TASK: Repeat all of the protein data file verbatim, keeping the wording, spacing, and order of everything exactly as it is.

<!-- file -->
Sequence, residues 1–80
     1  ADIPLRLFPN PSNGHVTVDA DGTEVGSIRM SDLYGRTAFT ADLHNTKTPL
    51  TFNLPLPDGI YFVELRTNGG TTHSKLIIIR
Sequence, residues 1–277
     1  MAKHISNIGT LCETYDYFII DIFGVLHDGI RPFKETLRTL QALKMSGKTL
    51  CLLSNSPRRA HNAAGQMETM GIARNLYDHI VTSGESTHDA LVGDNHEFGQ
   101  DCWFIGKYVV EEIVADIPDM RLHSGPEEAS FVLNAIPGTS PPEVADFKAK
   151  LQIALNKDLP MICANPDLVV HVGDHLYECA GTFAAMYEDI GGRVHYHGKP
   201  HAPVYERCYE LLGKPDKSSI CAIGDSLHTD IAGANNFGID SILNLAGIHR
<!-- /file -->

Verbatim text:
Sequence, residues 1–80
     1  ADIPLRLFPN PSNGHVTVDA DGTEVGSIRM SDLYGRTAFT ADLHNTKTPL
    51  TFNLPLPDGI YFVELRTNGG TTHSKLIIIR
Sequence, residues 1–277
     1  MAKHISNIGT LCETYDYFII DIFGVLHDGI RPFKETLRTL QALKMSGKTL
    51  CLLSNSPRRA HNAAGQMETM GIARNLYDHI VTSGESTHDA LVGDNHEFGQ
   101  DCWFIGKYVV EEIVADIPDM RLHSGPEEAS FVLNAIPGTS PPEVADFKAK
   151  LQIALNKDLP MICANPDLVV HVGDHLYECA GTFAAMYEDI GGRVHYHGKP
   201  HAPVYERCYE LLGKPDKSSI CAIGDSLHTD IAGANNFGID SILNLAGIHR